Rick Gill, Elisabeth Donahey, Sean Ruland
Cardiogenic cerebral embolism represents 20% of all acute ischemic strokes (AISs) with one-third of these being caused by left ventricular thrombus (LVT). LVT is not a contraindication for treatment with intravenous recombinant tissue plasminogen activator (IV rtPA) for AIS. However, the subsequent treatment of a potentially unstable LVT is contraindicated for 24 h following the use of IV rtPA according to current guidelines. We present a 66-year-old man with AIS treated with IV rtPA. Echocardiogram shortly after treatment demonstrated both a large apical and septal thrombus in the left ventricle and at 12 h post IV rtPA infusion, therapeutic anticoagulation with heparin was started without complication...
2015: Frontiers in Neurology
Benjamin Friedrich, Matthias Gawlitza, Stefan Schob, Carsten Hobohm, Mariana Raviolo, Karl-Titus Hoffmann, Donald Lobsien
BACKGROUND AND PURPOSE: In patients with acute middle cerebral artery (MCA) stroke, therapeutic decisions are influenced by the location of the occlusion. This study aimed to analyze clinical outcomes in patients with acute ischemic MCA stroke treated with systemic intravenous thrombolysis (IVT) using recombinant tissue plasminogen activator, according to the location of the occlusion. METHODS: Of 621 patients screened, 136 with acute stroke and MCA occlusion confirmed by CT angiography were retrospectively included in this study...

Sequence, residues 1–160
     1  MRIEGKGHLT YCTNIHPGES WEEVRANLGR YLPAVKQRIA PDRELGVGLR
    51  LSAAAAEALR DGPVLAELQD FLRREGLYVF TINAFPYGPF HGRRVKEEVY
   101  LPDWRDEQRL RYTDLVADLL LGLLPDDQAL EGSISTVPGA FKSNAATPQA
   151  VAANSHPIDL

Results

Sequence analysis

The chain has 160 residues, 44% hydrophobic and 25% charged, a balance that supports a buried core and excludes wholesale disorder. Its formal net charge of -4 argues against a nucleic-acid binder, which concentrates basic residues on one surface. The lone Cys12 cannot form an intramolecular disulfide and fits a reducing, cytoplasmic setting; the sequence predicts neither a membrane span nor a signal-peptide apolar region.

March 2015: Stroke; a Journal of Cerebral Circulation
Ralph L Sacco, Hans-Christoph Diener, Salim Yusuf, Daniel Cotton, Stephanie Ounpuu, William A Lawton, Yuko Palesch, Reneé H Martin, Gregory W Albers, Philip Bath, Natan Bornstein, Bernard P L Chan, Sien-Tsong Chen, Luis Cunha, Björn Dahlöf, Jacques De Keyser, Geoffrey A Donnan, Conrado Estol, Philip Gorelick, Vivian Gu, Karin Hermansson, Lutz Hilbrich, Markku Kaste, Chuanzhen Lu, Thomas Machnig, Prem Pais, Robin Roberts, Veronika Skvortsova, Philip Teal, Danilo Toni, Cam Vandermaelen, Thor Voigt, Michael Weber, Byung-Woo Yoon
BACKGROUND: Recurrent stroke is a frequent, disabling event after ischemic stroke. This study compared the efficacy and safety of two antiplatelet regimens--aspirin plus extended-release dipyridamole (ASA-ERDP) versus clopidogrel. METHODS: In this double-blind, 2-by-2 factorial trial, we randomly assigned patients to receive 25 mg of aspirin plus 200 mg of extended-release dipyridamole twice daily or to receive 75 mg of clopidogrel daily. The primary outcome was first recurrence of stroke...
September 18, 2008: New England Journal of Medicine
Graeme J Hankey, S Claiborne Johnston, J Donald Easton, Werner Hacke, Jean-Louis Mas, Danielle Brennan, Koon Hou Mak, Deepak L Bhatt, Keith A A Fox, Eric J Topol
BACKGROUND: The Clopidogrel for High Atherothrombotic Risk and Ischaemic Stabilisation, Management and Avoidance (CHARISMA) trial reported no statistically significant benefit of adding clopidogrel to acetylsalicylic acid in the long-term management of a broad population of patients with stable vascular disease. However, a subanalysis raised the hypothesis that dual antiplatelet therapy with clopidogrel plus acetylsalicylic acid may be more effective than aspirin in patients with prior ischaemic stroke, myocardial infarction of symptomatic peripheral arterial disease...
February 2011: International Journal of Stroke: Official Journal of the International Stroke Society
Francisco Alcocer, Zdenek Novak, Bart R Combs, Bruce Lowman, Marc A Passman, Marjan Mujib, William D Jordan